The Use of Bone Fluorescence to Facilitate DNA Sampling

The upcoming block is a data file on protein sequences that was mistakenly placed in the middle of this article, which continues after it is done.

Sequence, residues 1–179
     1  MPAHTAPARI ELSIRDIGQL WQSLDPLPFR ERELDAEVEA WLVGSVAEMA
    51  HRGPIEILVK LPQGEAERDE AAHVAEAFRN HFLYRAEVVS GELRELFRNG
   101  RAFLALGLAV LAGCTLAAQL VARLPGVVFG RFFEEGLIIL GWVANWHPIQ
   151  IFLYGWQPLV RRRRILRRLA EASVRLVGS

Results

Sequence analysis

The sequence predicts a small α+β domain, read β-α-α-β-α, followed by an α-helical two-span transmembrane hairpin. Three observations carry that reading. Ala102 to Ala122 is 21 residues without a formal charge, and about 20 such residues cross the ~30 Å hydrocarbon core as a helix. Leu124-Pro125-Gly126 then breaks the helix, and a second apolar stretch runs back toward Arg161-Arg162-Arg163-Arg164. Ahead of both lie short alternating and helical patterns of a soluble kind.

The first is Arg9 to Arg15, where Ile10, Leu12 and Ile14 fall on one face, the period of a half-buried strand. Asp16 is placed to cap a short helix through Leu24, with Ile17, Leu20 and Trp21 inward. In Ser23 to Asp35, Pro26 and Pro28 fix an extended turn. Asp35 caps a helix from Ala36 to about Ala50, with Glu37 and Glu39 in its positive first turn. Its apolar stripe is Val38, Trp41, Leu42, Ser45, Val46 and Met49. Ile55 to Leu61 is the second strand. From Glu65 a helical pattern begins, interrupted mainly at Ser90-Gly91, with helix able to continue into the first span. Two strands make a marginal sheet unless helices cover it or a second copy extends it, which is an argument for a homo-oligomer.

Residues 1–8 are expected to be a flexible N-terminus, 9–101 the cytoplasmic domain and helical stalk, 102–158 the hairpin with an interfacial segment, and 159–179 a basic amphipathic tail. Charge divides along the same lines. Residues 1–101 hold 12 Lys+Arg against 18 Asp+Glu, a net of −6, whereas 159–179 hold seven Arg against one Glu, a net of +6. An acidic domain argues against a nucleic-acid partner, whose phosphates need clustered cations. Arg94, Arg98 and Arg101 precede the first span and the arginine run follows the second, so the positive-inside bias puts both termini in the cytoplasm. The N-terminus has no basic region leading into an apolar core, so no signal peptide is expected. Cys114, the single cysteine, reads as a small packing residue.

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DNA is increasingly used in skeletal remains cases for identification and to resolve commingling. The implementation of a sampling strategy based on the likelihood of obtaining viable DNA profiles could minimize destruction of bones, expedite identification, and save time and resources by reducing the need to resample. Here we test whether bone fluorescence is a good indicator of potential DNA yield. Samples consisted of remains from seven different burial sites analyzed by the Committee on Missing Persons in Cyprus Anthropological Laboratory that were submitted for DNA analysis to an external DNA laboratory. Fluorescence was assessed as a function of pixel brightness values using images of bone and tooth samples captured using an alternate light source and measured in ImageJ. Across seven pooled sites, no relationship was apparent between fluorescence and DNA extracted, but there was a positive relationship when certain sites were considered in isolation. These results appear to suggest no overall relationship between fluorescence and DNA extracted; however, given the mixed nature of these results, additional research using a more controlled sample is needed.